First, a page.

We compete with heart and strength…work together with synergy, purpose, and laughter… collectively reach out to others…provide unconditional love and support… and share a bond that reaches far beyond the cancer experience.
Our Warrior Logo: The Story…The Meaning
The WOW logo, designed for the team by Christopher Archer, comes with a strong story. The central concept is a representation of the Greco-Roman sculpture of Diana, Goddess of the hunt and moon, with an infusion of Amazonian warrior history.
The Amazonians were known to remove a breast so they were able to pull a bowstring taut during battle. In the logo, the bow is pink, representing the universal symbol for breast cancer. But this bow is a weapon: a pink dragon boat, a symbol of each woman’s determination to win the battle against breast cancer.
The warrior represents every woman dealing with breast cancer… thus, she has no face. She has no hair, symbolizing the loss many breast cancer patients experience. Yet, she is woman: strong and resilient, feminine in her own right, standing to face her attacker, and aiming high!
Amazonian history records the sense of family…community tribal strength forged between each woman. Warriors on Water are remarkable for their commitment to Dragon Boating, to each other, and to their individual and collective battles against breast cancer.
All About Dragon Boating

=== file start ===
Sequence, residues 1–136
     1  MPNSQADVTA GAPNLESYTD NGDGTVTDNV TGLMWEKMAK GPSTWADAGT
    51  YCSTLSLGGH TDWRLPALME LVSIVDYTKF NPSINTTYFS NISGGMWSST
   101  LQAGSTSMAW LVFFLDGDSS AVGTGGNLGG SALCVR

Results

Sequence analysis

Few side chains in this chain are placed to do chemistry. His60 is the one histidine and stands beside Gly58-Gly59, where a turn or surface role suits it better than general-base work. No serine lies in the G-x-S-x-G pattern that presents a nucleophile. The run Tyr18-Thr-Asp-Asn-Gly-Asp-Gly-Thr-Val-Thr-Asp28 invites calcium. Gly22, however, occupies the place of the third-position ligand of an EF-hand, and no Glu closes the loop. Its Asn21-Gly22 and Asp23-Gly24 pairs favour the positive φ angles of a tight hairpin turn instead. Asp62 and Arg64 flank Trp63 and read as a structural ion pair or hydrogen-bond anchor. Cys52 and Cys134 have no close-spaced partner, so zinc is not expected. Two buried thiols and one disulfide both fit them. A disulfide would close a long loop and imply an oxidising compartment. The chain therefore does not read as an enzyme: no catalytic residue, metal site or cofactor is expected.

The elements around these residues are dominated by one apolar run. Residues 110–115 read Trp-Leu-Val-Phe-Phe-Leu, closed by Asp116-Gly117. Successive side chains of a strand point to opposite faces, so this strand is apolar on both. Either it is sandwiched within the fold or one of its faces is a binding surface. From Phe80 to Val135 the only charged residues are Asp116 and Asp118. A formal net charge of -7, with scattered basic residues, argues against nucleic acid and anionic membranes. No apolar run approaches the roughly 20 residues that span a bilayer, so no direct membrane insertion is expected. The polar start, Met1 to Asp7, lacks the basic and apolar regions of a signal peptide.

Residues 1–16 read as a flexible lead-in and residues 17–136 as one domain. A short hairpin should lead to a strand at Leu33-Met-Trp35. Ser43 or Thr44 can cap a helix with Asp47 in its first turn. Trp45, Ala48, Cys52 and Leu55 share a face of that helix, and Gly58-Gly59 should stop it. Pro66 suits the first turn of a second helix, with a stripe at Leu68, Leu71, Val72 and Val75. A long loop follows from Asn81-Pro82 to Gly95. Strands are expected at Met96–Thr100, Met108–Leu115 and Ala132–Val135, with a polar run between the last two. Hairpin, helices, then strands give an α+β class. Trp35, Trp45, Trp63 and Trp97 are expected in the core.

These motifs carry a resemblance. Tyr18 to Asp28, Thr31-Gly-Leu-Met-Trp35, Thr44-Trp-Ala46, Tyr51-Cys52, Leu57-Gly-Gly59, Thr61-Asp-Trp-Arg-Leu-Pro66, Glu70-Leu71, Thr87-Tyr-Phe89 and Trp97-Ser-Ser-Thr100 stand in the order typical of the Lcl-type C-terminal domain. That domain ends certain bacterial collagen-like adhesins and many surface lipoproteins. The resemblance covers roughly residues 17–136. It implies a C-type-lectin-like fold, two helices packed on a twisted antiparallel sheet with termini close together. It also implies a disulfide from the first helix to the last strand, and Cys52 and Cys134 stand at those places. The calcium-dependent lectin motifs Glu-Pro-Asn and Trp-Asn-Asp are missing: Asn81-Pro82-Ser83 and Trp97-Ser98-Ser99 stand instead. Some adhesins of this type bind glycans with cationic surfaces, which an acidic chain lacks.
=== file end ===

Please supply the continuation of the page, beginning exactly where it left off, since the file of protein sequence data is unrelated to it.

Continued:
The sport of Dragon Boat racing originated in China more than 2500 years ago. The Dragon, molded into the shape of a 40-foot canoe-like vessel, symbolizes protection from evil and disease.
The Breast Cancer Connection
Breast Cancer and upper-body exercise didn’t always go together. For many years, people were afraid that upper-body exercise would cause lymphedema, a dreaded and disfiguring condition that starts in the lymph system.
Dr. Donald McKenzie, an exercise physiologist at the University of British Columbia in Vancouver thought that it made more sense that upper-body activity would improve the lymph system.
He began research and then trained the first group of Breast Cancer Survivors to compete in the 1996 World Dragon Boat racing Championships.
The goal was really just to prove that women could get back into life after Breast Cancer and didn’t need to sit on the sidelines worrying about lymphedema if they got themselves onto a proper exercise program.
McKenzie’s study showed that when done correctly, repetitive upper-body physical activity wasn’t a problem. Soon Dragon boat racing teams comprising of Breast Cancer Survivors started popping up worldwide – in fact, the Breast Cancer Survivor division is the fastest growing area of the sport.